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SoftBank Vision Fund posts ¥3.5 trillion loss for last fiscal year

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Image: SoftBank

SoftBank has reported a record ¥1.7 trillion net loss for the year ended March, marking a sharp dip in the ¥4.99 trillion profit recorded in the year prior and blazing passed the ¥1.36 trillion net loss from two years ago.

The Japanese giant’s woes were driven primarily by its Vision Fund posting a ¥3.5 trillion loss, the biggest for the fund since it first began in 2017.

The result for the vision fund stands in stark contrast to the ¥4.03 trillion profit announced for the year ending March 2021. That strong performance came largely off the back of gains from the then recently-listed Coupang and DoorDash, which provided unrealised valuation gains amounting to $25.3 billion and $7.6 billion, respectively.

This year instead provided an unrealised loss on valuation totalling ¥3.63 trillion for all of SoftBank’s listed portfolio companies, including losses of ¥1.65 trillion recorded for Coupang, and ¥911 billion for DiDi.

Additionally, SoftBank’s equity method investments related to Alibaba were ¥388 billion, a decrease of ¥185 billion year-on-year. In its report, the company claimed that this was mainly due to a decrease in investment gain on Alibaba’s investments classified as financial assets. The decrease was put down to an increase in investments for growth initiatives, increased spending for user enhancements, and increased support to e-commerce merchants.

During the full year results presentation, SoftBank CEO Masayoshi Son said that the fund must be put into “defence mode”, and that the goal should be to “pile up lots of cash in hand”.

“Nobody knows what’ll happen tomorrow, in this kind of market, so we have to prepare for the worst,” said Son.

Son claimed that rising interest rates were putting pressure on the market and were partly to blame for the loss as technology stocks continue to fall.

Additionally, the company noted that there are growing concerns of a global economic slowdown as energy prices surge as part of the fallout of economic sanctions against Russia following its invasion of Ukraine, combined with the onset of tightening in the US to curb inflation, and continued supply chain disruptions — particularly in China — due to COVID-19.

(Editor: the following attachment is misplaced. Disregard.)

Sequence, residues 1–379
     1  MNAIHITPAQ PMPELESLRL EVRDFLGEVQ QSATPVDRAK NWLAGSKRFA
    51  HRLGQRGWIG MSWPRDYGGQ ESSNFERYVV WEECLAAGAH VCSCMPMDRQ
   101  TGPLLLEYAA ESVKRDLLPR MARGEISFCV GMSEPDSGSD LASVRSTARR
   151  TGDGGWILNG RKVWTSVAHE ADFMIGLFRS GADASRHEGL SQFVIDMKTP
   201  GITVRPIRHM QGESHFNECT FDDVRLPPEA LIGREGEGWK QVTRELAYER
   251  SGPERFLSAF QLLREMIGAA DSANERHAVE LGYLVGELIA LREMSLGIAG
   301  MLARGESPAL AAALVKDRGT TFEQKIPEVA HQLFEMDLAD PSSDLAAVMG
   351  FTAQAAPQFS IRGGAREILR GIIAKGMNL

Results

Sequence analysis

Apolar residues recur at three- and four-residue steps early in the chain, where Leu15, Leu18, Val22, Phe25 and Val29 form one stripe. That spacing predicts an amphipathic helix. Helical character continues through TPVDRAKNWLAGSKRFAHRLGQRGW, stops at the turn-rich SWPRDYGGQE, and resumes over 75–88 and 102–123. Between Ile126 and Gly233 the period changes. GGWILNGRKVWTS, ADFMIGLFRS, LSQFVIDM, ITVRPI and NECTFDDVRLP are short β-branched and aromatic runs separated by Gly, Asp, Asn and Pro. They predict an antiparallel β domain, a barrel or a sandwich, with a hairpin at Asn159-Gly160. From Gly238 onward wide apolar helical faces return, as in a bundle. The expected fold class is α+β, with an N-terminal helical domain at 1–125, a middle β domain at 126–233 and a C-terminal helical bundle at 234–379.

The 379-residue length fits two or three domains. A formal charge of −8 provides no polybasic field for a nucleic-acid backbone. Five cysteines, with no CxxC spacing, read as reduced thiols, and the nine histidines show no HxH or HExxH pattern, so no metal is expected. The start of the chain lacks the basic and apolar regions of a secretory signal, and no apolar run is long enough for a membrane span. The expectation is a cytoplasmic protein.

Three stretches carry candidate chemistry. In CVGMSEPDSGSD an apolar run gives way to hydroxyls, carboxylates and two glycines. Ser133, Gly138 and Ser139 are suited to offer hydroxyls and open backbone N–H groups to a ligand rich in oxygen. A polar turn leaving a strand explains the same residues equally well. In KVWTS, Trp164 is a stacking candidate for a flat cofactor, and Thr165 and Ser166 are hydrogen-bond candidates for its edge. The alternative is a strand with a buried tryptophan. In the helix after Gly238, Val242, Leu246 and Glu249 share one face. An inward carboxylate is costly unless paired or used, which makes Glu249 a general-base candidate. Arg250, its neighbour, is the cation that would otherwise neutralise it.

Despite the doom and gloom, the CEO was adamant that the long-term future of the vision fund remains bright.

“I’m am a long-time believer of the technology evolution — so maybe, it is the best time to buy,” Son added.

SoftBank, meanwhile, returned a ¥864 billion valuation gain for unlisted portfolio companies. The company claimed that for the entire fiscal year, net valuation gains were recorded due to an “overall increase in the fair value of those with funding rounds, those that are expected to be listed, and those whose performance is progressing faster than expected”.

One of those few shining lights in SoftBank’s portfolio was chip designer Arm. It saw 2021 total revenue up 35% to $2.7 billion with strong growth in both royalty and non-royalty revenue. The chip designer also saw earnings before interest, taxes, depreciation, and amortisation up by 68% year-on-year to $1 billion.

In February, the intended merger of Nvidia and Arm was declared dead in the water, with the firm’s CEO Rene Haas claiming at the time that Arm was “well-positioned to grow going forward.” 

In a statement released Thursday, Haas declared the chip designer’s results to be a demonstration that “the demand for Arm technology and the strength of the Arm ecosystem has never been greater”, and announced that a record 29.2 billion chips built on Arm IP were shipped in FY21, including approximately 8 billion in the fourth quarter.

Following the termination of the agreement with Nvidia, the deposit of $1.25 billion that SoftBank had received at the time of signing in September 2021, was non-refundable. Consequently, ¥110 billion, which corresponds to a 75% interest in Arm held by SoftBank, was recognised as profit in the fourth quarter.

In September last year, SoftBank announced that it would allocate an additional $3 billion to invest in technology companies in the Latin American market. Labelled as the SoftBank Latin America Fund II, the new fund aimed to build on SoftBank’s initial Latin America Fund, which had then been allocated $5 billion.

According to the company, SoftBank’s Latin America Funds made investments totalling $4.3 billion in the fiscal year, including 65 new investments and held 101 investments as of the end FY2021. With regard to this part of the business, unrealised gain on the valuation of investments totalled ¥119 billion

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